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Roger Federer, Swiss tennis great, announces he’s leaving the sport



Roger Federer of Switzerland waves to the crowd after victory in his Gentlemen’s Singles Fourth Round match against Roberto Bautista Agut of Spain during day seven of the Wimbledon Lawn Tennis Championships at the All England Lawn Tennis and Croquet Club on July 6, 2015 in London, England.

Julian Finney | Getty Images

Tennis legend Roger Federer is retiring from the sport after a 24-year career. The Swiss player made the announcement on Thursday in a letter posted to Twitter.

Federer said the Laver Cup in London next week will be his final ATP event. He has faced multiple injuries and surgeries and said he knows his “body’s capacities and limits.” He posted a recording of himself reading the letter.

“Tennis has treated me more generously than I ever would have dreamt, and now I must recognize when it is time to end my competitive career,” Federer read. “I will play more tennis, of course, but just not in Grand Slams or on the tour.”

He holds the professional tennis record for the most consecutive weeks at No. 1 with 237, and the record for the oldest player to rank No. 1, at 36, in 2018. The 41-year-old is a 20-time Grand Slam champion. He has played more than 1,500 matches during which the ATP records that he served 11,478 aces.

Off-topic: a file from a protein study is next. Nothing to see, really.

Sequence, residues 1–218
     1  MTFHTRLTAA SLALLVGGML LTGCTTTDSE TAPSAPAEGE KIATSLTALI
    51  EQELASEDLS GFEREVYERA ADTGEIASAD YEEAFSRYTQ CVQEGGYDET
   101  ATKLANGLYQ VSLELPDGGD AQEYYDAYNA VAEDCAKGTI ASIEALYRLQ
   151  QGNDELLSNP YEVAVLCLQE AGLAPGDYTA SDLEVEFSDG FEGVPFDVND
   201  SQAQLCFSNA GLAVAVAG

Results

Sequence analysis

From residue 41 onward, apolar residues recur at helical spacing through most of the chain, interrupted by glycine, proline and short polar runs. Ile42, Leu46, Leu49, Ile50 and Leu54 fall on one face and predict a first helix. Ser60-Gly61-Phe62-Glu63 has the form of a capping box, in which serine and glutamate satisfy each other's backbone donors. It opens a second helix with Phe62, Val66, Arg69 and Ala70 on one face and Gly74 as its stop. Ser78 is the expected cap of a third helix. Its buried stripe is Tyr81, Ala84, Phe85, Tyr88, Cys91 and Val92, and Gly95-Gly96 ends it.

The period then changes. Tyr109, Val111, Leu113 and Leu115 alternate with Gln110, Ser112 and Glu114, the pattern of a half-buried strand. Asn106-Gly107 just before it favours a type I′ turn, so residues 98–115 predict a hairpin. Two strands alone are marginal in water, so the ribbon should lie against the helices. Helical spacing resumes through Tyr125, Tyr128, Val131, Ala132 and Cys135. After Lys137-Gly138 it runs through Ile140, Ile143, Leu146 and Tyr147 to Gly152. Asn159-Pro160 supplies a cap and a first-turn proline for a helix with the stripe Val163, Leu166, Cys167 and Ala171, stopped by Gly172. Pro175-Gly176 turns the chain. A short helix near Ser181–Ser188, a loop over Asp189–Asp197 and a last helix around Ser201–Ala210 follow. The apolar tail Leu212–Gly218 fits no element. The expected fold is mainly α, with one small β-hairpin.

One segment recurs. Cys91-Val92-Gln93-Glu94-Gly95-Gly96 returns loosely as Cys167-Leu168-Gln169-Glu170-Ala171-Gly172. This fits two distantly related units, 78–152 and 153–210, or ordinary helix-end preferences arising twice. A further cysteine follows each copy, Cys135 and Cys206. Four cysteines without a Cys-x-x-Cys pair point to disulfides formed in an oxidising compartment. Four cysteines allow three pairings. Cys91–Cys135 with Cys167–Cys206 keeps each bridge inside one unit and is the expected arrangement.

“This is a bittersweet decision, because I will miss everything the tour has given me,” Federer wrote. “But at the same time, there is so much to celebrate. I consider myself one of the most fortunate people on Earth.”

Federer turned pro as a teenager and established storied rivalries against fellow tennis legends Rafael Nadal and Novak Djokovic.

He thanked his wife Mirka, his parents, his sister and his business team in the emotional letter. Federer recorded more than $130 million in career earnings. His sponsors include Wilson, Rolex, Mercedes-Benz, Uniqlo, Moet Hennessey, and Credit Suisse.

At the U.S. Open in late August, he referenced the possibility of his retirement, saying it was “almost time to retire — but not yet.” Afterwards, he walked that comment back as “a total joke,” according to NBC Sports.

Federer did not say what he was planning to do after retiring from the tour, but he concluded the letter, writing: “Finally, to the game of tennis: I love you and will never leave you.”





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